Suppose you were reading something–either out loud or to yourself– in which a perfectly familiar word appeared, but one which you pronounced differently–probably, without hesitation–because in context it was clearly a verb rather than an adjective. That’s what would happen in sentences like “It is impossible for any creature to adequate God in his eternity” or “The aptest terms to commensurate the longitude are hard to determine.” (NB: these verbs may strike one as obsolete, but they are attested in The Century Dictionary and Cyclopedia [1906]; not so The American Heritage Dictionary of the English Language [4th ed., 2006].) In both cases, the final syllable –ate would be pronounced with a diphthong [εi] and secondary stress; and this final vowel would differ from that of the adjective–which is pronounced with a [ə] (schwa) in the final syllable and no secondary stress. This particular vowel alternation is completely regular in all verb/adjective pairs ending in –ate, such as delegate, advocate, etc. What is interesting, however, is the distribution of the alternating vowels: diphthong in the verb, schwa in the adjective.
Again, as with the distribution of stress in verb/noun pairs, the explanation has to do with the alignment or coordination of sounds with meanings. But this time there is a twist. The alignment is not replicative as it was with verb/noun pairs–the marked stress aligning itself with the marked category (verbs), the unmarked stress with the unmarked category (nouns). Instead, it is complementary, which means that oppositely valued vowels go with oppositely valued categories. Using the same terminology as before, namely the markedness values of the entities in question, we note that the unmarked vowel–here the diphthong, which is unmarked for the phonological category of tenseness (protensity)–appears in the marked category, viz. the verb, whereas the schwa–which is marked for the category of tenseness as a lax vowel–appears in the unmarked category, viz. the adjective.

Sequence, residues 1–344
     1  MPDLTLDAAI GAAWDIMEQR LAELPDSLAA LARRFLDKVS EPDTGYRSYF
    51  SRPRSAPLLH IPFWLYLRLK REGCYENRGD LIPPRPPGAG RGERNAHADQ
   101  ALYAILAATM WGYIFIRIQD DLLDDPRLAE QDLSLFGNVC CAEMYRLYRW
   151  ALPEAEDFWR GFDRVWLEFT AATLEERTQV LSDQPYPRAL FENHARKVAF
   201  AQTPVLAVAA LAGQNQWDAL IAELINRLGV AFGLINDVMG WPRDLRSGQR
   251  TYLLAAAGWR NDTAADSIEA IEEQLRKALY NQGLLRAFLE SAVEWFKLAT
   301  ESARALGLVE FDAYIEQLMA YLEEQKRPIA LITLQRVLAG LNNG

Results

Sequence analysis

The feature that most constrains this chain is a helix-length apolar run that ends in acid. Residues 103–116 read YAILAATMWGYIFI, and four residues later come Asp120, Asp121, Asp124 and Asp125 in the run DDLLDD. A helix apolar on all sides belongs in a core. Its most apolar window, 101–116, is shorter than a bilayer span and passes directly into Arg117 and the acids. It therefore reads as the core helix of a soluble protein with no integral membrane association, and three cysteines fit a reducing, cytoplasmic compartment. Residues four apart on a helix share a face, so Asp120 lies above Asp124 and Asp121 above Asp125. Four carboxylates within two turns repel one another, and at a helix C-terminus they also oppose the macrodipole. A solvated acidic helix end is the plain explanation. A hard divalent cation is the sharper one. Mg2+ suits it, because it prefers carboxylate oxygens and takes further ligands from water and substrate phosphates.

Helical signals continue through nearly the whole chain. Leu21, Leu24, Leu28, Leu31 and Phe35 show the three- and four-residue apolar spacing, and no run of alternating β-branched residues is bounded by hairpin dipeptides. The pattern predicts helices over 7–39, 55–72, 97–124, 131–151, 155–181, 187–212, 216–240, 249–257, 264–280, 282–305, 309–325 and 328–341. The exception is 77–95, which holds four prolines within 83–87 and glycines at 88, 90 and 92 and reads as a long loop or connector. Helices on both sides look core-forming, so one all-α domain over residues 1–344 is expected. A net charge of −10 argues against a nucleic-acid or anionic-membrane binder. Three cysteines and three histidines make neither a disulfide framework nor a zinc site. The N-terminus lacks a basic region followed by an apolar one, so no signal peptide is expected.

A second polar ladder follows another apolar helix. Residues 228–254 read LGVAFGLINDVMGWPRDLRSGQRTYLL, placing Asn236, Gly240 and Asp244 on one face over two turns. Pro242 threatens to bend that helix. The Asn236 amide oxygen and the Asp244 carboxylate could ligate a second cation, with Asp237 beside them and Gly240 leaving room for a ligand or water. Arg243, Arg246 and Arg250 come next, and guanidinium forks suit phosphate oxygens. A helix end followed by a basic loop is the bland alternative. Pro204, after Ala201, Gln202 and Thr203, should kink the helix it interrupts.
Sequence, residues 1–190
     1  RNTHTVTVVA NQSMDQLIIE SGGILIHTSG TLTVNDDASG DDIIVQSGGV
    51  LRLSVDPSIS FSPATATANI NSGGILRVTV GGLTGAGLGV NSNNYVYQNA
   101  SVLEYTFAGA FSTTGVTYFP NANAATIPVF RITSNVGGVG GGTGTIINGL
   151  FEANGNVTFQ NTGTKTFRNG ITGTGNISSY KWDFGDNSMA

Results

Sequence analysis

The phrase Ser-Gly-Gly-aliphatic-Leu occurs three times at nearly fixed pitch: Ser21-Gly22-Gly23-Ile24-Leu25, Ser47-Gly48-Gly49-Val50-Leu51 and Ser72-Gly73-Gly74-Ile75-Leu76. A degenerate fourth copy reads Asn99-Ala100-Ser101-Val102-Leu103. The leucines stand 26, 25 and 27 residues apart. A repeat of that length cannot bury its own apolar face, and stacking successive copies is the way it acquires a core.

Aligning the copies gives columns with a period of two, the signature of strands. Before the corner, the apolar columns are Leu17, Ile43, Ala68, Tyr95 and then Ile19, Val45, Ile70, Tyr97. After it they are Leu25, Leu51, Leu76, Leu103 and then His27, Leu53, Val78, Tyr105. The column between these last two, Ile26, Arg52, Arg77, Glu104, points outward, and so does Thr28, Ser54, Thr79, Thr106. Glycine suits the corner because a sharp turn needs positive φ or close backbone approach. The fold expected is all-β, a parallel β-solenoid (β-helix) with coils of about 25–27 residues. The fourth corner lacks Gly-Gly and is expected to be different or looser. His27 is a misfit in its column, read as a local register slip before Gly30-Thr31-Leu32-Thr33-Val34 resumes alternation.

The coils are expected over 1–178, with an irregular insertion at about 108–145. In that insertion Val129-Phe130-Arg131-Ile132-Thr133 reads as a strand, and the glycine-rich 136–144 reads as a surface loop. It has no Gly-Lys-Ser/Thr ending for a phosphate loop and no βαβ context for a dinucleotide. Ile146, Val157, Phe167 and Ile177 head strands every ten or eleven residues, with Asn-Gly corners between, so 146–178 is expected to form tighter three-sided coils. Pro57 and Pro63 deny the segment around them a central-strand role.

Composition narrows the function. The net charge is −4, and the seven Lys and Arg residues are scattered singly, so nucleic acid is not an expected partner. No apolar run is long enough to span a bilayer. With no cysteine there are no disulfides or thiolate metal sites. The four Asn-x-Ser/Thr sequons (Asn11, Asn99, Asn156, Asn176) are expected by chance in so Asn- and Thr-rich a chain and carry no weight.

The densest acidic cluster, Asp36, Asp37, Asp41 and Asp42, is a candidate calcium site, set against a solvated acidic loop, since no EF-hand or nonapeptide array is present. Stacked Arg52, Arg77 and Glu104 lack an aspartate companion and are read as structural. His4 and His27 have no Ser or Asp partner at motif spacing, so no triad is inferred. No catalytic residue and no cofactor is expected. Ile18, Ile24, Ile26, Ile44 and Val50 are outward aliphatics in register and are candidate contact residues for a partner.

Mutatis mutandis, the same phenomenon–i.e. complementary alignment–is to be observed with adjective/noun pairs such as depraved/depravity, sane/sanity, malign/malignity, divine/divinity, where the unmarked (tense) diphthong in the stressed syllable–[ɛi] or [ai]–of the adjective alternates with the marked (lax) vowel–[æ] or [ɨ]– of the noun, since nouns are unmarked and adjectives marked within the category of nominals. It is the alignment of sound and meaning that explains the vowel alternation.